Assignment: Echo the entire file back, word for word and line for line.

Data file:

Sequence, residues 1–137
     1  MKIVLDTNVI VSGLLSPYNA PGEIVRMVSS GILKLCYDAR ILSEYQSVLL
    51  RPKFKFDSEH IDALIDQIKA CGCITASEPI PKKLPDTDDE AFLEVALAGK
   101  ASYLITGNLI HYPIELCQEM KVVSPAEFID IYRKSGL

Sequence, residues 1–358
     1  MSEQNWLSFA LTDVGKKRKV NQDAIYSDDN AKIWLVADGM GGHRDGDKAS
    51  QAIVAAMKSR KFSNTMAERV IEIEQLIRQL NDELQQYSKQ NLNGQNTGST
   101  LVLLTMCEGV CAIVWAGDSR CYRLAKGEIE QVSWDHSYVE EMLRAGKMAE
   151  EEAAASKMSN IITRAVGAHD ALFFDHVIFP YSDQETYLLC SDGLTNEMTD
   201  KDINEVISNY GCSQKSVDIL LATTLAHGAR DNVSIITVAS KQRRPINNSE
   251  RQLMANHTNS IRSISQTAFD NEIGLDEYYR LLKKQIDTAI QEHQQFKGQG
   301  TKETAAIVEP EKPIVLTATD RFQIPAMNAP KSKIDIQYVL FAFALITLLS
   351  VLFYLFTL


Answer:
Sequence, residues 1–137
     1  MKIVLDTNVI VSGLLSPYNA PGEIVRMVSS GILKLCYDAR ILSEYQSVLL
    51  RPKFKFDSEH IDALIDQIKA CGCITASEPI PKKLPDTDDE AFLEVALAGK
   101  ASYLITGNLI HYPIELCQEM KVVSPAEFID IYRKSGL

Sequence, residues 1–358
     1  MSEQNWLSFA LTDVGKKRKV NQDAIYSDDN AKIWLVADGM GGHRDGDKAS
    51  QAIVAAMKSR KFSNTMAERV IEIEQLIRQL NDELQQYSKQ NLNGQNTGST
   101  LVLLTMCEGV CAIVWAGDSR CYRLAKGEIE QVSWDHSYVE EMLRAGKMAE
   151  EEAAASKMSN IITRAVGAHD ALFFDHVIFP YSDQETYLLC SDGLTNEMTD
   201  KDINEVISNY GCSQKSVDIL LATTLAHGAR DNVSIITVAS KQRRPINNSE
   251  RQLMANHTNS IRSISQTAFD NEIGLDEYYR LLKKQIDTAI QEHQQFKGQG
   301  TKETAAIVEP EKPIVLTATD RFQIPAMNAP KSKIDIQYVL FAFALITLLS
   351  VLFYLFTL